The USDA has requested that organizations only deploy VSD+ as a last-resort method of culling—and yet, in cases of such large populations of birds, humane options are rarely efficient, and so they are ignored. In addition, turning the ventilation off within a farm is essentially a free method of euthanasia, even if it’s slow and painful. More humane methods are associated with costs for which farms might not want to foot the bill. Chickens are already one of the least protected species when it comes to slaughter. They are exempt from the Humane Methods Of Slaughter Act, largely due to industry lobbying, and are instead given a provision in the 2005 Treatment of Live Poultry Before Slaughter notice by the USDA that they should be handled and slaughtered in a way that “is consistent with good commercial practices.” What this means, however, is not clearly defined. 

No easy way forward

Despite factory farms supplying the majority of the world’s poultry supply, growing concerns are also mounting over their inability to efficiently manage or stop the spread of disease. As of 2017, the most recent year for which data is available, there were 164,099 registered poultry farms in the US, and the majority of them are factory farms.  According to analysis by the Sentience Institute, 99.9 percent of America’s broiler chickens live on factory farms, only slightly higher than 99.8 percent of America’s turkeys. 

“Factory farms create the ideal conditions for the spread of the disease, as they give viruses a constant supply of genetically similar hosts in close proximity to each other—allowing infections to spread rapidly—and for highly harmful new strains to emerge,” says Williamson. “Most worrying of all, keeping large numbers of immune-suppressed birds in close proximity also increases the risk of viruses mutating, perhaps with the risk of evolving into new more pathogenic strains, which can then multiply and spread.” Not only are factory farms a breeding ground for diseases, but stress suppresses the immune system in poultry, and there’s data showing that poultry in factory farms are indeed stressed. Many environmental factors that we’d find unpleasant—heat, crowding, light, noise—all negatively impact chickens, too.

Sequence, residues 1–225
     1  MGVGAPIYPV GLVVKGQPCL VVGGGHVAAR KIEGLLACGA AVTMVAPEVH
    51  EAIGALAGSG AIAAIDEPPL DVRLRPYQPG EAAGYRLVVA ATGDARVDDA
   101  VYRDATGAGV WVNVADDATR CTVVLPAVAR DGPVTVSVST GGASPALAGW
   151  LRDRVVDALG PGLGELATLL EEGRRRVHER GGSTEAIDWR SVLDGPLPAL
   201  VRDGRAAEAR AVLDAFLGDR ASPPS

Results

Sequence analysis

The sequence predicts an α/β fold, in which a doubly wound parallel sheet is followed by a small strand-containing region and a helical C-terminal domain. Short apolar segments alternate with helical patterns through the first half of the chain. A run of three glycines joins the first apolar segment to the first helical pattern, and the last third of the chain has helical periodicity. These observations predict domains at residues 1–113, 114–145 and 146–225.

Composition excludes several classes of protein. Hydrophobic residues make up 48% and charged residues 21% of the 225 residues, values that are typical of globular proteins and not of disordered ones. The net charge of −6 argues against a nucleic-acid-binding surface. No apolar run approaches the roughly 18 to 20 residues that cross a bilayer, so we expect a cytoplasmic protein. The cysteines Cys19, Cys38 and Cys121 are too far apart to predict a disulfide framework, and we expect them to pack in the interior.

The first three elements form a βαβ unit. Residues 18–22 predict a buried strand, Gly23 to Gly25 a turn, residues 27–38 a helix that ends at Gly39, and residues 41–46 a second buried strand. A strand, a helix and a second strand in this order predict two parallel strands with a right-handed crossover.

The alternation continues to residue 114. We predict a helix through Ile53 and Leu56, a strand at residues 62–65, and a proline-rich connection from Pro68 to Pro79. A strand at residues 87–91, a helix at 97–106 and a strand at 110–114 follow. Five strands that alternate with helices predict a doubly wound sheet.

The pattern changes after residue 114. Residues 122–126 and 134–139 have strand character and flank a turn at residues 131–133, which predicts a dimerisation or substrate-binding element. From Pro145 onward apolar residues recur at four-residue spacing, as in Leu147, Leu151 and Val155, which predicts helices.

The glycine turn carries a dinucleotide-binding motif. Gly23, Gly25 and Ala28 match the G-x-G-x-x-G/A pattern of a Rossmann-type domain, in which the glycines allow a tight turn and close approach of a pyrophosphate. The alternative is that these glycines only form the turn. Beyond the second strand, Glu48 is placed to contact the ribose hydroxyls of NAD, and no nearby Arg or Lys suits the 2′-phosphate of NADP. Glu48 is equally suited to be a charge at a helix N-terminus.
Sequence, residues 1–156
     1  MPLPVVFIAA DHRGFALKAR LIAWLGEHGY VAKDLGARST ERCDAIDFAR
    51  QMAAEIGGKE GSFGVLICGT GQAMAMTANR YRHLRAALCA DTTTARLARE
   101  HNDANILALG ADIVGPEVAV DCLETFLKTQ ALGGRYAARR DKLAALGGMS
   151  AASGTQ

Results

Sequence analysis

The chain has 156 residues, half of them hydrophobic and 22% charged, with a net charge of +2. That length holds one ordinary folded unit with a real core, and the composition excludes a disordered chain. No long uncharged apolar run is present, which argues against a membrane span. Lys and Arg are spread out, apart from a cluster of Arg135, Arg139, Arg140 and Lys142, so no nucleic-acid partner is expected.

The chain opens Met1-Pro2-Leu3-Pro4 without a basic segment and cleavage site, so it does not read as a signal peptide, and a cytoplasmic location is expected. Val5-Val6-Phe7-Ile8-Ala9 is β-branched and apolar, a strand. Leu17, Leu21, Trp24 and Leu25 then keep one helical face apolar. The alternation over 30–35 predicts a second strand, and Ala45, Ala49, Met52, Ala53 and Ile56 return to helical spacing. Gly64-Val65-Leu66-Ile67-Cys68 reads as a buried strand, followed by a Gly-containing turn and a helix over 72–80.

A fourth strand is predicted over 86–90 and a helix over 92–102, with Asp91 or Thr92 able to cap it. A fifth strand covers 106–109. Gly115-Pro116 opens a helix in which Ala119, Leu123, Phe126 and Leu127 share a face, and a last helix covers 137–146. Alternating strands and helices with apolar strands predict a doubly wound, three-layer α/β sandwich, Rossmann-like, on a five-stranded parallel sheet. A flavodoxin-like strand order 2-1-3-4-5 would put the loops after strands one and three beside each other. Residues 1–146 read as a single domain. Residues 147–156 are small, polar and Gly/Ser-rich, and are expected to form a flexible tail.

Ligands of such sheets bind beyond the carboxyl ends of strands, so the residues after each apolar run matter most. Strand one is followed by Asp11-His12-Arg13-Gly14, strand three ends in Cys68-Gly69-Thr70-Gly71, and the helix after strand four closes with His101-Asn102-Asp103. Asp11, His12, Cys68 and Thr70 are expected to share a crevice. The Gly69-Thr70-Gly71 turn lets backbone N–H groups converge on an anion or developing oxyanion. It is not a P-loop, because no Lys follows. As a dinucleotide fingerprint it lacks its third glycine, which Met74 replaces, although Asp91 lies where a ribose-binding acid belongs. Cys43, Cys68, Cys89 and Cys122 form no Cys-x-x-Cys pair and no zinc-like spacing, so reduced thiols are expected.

Photography via Shutterstock

When a farm has hundreds of thousands of birds per shed (or tens of thousands of birds per shed in some cage-free systems), rapid disease spread is unavoidable. What’s more, on a policy level, the government and farms are not treating these outbreaks as something that can be mitigated within a farm—if disease is detected, the entire flock is killed,” says karol orzechowski, from Faunalytics, an organization that collects data and research to improve animal welfare. “In this framework, mitigating disease within a farm becomes a moot point.” While there is no cure for HPAI in chickens, there’s no efficient way to test large flocks, meaning uninfected birds are culled along with their infected shedmates.